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Re: Support for boolean queries in apropos

On Mon, Mar 12, 2012 at 2:18 AM, David Young <> wrote:
> I think that general boolean queries are known now to be less powerful
> and useful than everyone supposed that they were 20 or 30 years ago, so
> search engines either omit support for boolean operators or else do not
> encourage the use of such operators.  Instead, usually you can specify
> terms that MUST appear in the results, and terms that MUST NOT appear,
> using either a simplified set of operators (+ and -) or an "Advanced"
> search form that has fields for the MUST/MUST-NOT terms.  Is there any
> reason to believe that boolean operators are more suitable for apropos
> than for other search engines?

I agree with what Mouse said. I have not done much research on why Web
search engines do not advocate the use of such Boolean operators but I
don't think they really need them when their results are so accurate
but with apropos where the search is still in its infancy stage, they
are useful. As a concrete example from my personal experience,
sometimes it happens that few packages like Git, OpenSSL, Perl, etc.
come with so many man pages that they might literally start polluting
the search results. In such cases if the user finds that the results
are being unnecessarily cluttered by man pages from these packages, it
would prove to be handy to use a Boolean query to negate such man
pages from appearing in search results. Like the example I posted in
my original email, where a simple query "add new user" would get
cluttered by few results from git or open-ssh with whom I wasn't
really concerned, so a boolean NOT operator for "git" and "ssh"
eliminated any man pages from those packages.

Apart from that, having these capabilities available to the user wouldn't hurt.

> ISTR you wrote the other day that terms are not weighted and the search
> results are not ranked?  It seems to me that correcting that may improve
> the effectiveness of apropos more than any other measure.

Not really. The search results are ranked and the query terms are also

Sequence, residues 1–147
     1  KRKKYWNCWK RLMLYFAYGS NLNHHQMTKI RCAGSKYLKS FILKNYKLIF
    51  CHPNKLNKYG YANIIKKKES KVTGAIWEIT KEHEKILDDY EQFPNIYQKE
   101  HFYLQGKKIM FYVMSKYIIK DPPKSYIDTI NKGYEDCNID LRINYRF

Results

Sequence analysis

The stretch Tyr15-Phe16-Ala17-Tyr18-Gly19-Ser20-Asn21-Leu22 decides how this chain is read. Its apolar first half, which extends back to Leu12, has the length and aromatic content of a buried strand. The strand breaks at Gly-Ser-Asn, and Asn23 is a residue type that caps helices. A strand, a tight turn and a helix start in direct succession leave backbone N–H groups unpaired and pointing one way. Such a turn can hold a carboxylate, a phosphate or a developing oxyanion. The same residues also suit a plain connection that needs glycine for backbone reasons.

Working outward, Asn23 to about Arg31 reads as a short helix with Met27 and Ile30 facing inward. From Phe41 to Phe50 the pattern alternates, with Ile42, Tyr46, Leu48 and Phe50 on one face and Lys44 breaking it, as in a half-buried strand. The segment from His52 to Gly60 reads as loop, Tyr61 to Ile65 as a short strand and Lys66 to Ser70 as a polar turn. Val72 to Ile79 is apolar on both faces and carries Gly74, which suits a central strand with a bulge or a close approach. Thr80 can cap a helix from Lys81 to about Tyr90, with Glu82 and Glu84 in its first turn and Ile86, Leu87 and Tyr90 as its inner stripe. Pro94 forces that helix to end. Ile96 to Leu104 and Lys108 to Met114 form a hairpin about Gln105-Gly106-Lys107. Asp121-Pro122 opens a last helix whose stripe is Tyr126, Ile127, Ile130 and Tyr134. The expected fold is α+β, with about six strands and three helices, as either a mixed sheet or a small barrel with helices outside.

weighted, but all of this weight computation is done on the fly while
evaluating a user query. This computation of weights is done each time
while executing queries for each of the matched results.  Basically if
for a query there are 100 matches, then apropos would have to compute
weights for each of those 100 results and then rank them in decreasing
order of these weights.
This means that we cannot use any sophisticated weighting (or ranking)
schemes which require some expensive computations without slowing down
apropos. Therefore the current ranking scheme is relatively simpler.

What I meant to say in that thread was that, if term weights for all
the terms in the corpus are pre-computed and stored in a database
table, then while ranking the search results it is possible to use a
more sophisticated ranking scheme or algorithm. But storing the
pre-computed weights in the database requires extra storage, which I
don't think would be welcome by many people, therefore currently this
approach is being avoided. It would be more prudent to get support for
storage of term-weights in the FTS index implemented in Sqlite itself,
as I think it would save a lot of disk space by avoiding duplication
of data (but I am not sure if that is possible or would be welcome by
Sqlite developers, I haven't talked to them though).


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